The allure of the five-cylinder engine
High-performance five-cylinder gasoline engines enjoy a long tradition at Audi, powering cars like the Ur-quattro to the head of the pack. Audi resurrected this line back to life in 2009 with the 340 hp, turbocharged FSI engine in the TT RS. The further developed engine in the Audi quattro concept extracts even more potential from this new, state-of-the-art five-cylinder foundation.
Numerous tweaks resulted in a substantial power increase to 408 hp, and its 480 Newton meters (354.03 lb-ft) of torque also leave the base version far behind.
Its basic concept makes an Audi five-cylinder an unusual engine. It has a firing interval of 144 degrees and a firing order of 1-2-4-5-3, alternately between directly adjacent cylinders and cylinders that are far apart.
This produces the distinctive rhythm and musical sound, which are also the result of the intake and exhaust geometry. A specially designed torsional vibration damper at the front end of the crankshaft compensates for the free moments of the engine.
Turbocharged gasoline engines are a traditional Audi domain, and the five-cylinder turbo in the Audi quattro concept is also a high-performance engine. Displacing 2,480 cubic centimeters, it produces 300 kW (408 hp) between 5,400 and 6,500 rpm. Peak torque of 480 Nm (354.03 lb ft) is already available at 1,600 and remains constant through 5,300 rpm. The powerful unit accelerates the Audi quattro concept from 0 to 100 km/h (62.14 mph) in just 3.9 seconds.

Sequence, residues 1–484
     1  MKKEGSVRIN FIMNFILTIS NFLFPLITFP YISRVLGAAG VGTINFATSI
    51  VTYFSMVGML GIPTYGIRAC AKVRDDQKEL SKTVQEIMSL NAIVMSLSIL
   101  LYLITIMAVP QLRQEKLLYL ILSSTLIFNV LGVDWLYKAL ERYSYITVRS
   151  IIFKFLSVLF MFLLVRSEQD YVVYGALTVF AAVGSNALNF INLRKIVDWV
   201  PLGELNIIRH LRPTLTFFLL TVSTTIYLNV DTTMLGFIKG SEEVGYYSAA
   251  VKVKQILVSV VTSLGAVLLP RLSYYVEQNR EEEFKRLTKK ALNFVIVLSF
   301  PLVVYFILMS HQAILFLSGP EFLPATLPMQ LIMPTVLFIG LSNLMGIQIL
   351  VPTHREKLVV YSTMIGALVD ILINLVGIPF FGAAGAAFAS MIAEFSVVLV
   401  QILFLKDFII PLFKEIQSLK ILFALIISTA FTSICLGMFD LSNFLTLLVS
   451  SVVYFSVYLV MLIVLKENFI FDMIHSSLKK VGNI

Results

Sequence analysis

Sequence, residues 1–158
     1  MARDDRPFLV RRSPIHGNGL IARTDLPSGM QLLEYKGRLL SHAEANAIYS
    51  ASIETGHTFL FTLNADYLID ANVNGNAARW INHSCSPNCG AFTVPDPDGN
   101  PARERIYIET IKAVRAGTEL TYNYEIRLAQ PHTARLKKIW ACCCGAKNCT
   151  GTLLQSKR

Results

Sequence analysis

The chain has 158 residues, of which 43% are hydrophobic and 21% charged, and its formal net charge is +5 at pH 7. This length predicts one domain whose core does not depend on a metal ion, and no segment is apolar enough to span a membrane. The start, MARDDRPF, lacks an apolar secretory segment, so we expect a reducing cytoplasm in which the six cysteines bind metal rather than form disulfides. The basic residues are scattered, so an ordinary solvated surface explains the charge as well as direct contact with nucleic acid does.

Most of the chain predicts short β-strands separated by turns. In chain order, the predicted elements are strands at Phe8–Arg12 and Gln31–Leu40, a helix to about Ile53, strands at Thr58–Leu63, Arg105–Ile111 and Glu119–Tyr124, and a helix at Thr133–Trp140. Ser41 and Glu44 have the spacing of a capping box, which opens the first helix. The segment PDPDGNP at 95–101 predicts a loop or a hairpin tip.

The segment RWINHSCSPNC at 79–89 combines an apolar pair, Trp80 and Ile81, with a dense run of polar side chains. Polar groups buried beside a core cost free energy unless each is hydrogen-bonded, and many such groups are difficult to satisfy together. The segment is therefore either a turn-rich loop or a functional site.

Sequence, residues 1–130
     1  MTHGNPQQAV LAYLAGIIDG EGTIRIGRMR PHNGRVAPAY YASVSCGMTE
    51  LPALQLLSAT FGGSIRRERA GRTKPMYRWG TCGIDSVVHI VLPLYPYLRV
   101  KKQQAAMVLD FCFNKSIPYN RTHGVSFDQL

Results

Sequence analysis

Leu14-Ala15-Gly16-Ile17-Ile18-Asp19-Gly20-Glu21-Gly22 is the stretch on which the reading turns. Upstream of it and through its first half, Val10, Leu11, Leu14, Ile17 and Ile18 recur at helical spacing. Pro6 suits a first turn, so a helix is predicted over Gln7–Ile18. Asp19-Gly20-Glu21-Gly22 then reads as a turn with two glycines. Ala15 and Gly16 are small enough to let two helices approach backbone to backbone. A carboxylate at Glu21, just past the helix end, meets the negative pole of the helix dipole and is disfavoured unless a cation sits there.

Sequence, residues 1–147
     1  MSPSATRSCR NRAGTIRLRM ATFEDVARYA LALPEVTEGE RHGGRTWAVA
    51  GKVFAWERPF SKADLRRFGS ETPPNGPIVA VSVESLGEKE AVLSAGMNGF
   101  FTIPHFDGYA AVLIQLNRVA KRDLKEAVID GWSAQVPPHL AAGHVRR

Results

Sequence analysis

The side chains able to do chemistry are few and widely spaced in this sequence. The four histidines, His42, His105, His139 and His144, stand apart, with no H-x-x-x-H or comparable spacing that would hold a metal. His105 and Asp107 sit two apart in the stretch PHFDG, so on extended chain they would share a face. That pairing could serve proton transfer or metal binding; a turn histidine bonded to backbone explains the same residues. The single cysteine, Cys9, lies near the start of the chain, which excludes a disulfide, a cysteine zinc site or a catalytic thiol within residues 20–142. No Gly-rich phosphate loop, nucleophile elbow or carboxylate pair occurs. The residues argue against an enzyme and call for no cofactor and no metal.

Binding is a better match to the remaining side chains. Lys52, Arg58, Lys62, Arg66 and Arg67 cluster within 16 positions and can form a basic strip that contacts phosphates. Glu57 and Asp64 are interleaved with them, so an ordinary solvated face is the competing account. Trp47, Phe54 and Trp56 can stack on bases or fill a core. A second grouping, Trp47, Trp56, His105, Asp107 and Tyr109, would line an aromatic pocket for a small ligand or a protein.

The 2.5 liter TFSI is extremely compact. Its cylinder spacing measures 88 millimeters (3.46 in); the external main bearings were moved inside. Only
494 millimeters (19.45 in) long, the long-stroke engine (bore x stroke 82.5 x 92.8 millimeters [3.25 x 3.65 in]) is suitable not only for transverse installation in the
TT RS, but also for longitudinal installation in the emphatically short front end of the Audi quattro concept.
Its low weight of only 183 kilograms (403.45 lb) is also a record. It helps keep the total weight of the show car low and also offers significant advantages for the distribution of axle loads and thus for the car’s handling.
The 408-hp five-cylinder engine is surprisingly frugal, requiring an average of just 8.5 liters/100 km (27.67 US mpg). Its high efficiency can be attributed to the combination of FSI direct fuel injection and turbocharging, two Audi core technologies. This TFSI pairing harmonizes perfectly in motorsports, the world’s most demanding test lab: It has powered the R8 race car to five victories in the 24 Hours of Le Mans and 63 victories in 80 other races.
The successful quattro principle
In the Audi quattro concept, Audi uses the latest evolutionary stage of its permanent all-wheel drive system for longitudinal engines – the quattro drive with self-locking center differential and torque vectoring. 30 years after the debut of the first quattro at the Geneva Motor Show in 1980, Audi has once again expanded its lead over the competition.